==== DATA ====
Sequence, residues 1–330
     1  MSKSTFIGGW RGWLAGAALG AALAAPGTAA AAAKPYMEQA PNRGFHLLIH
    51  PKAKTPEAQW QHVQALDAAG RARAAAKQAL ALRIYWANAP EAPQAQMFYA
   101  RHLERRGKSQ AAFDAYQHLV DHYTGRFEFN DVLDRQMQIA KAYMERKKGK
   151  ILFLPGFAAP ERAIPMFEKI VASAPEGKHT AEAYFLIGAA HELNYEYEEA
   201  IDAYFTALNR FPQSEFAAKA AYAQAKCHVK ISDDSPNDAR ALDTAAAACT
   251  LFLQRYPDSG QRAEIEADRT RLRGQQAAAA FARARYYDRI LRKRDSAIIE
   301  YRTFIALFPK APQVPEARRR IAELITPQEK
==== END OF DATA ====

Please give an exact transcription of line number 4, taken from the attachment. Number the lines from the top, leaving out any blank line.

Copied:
   101  RHLERRGKSQ AAFDAYQHLV DHYTGRFEFN DVLDRQMQIA KAYMERKKGK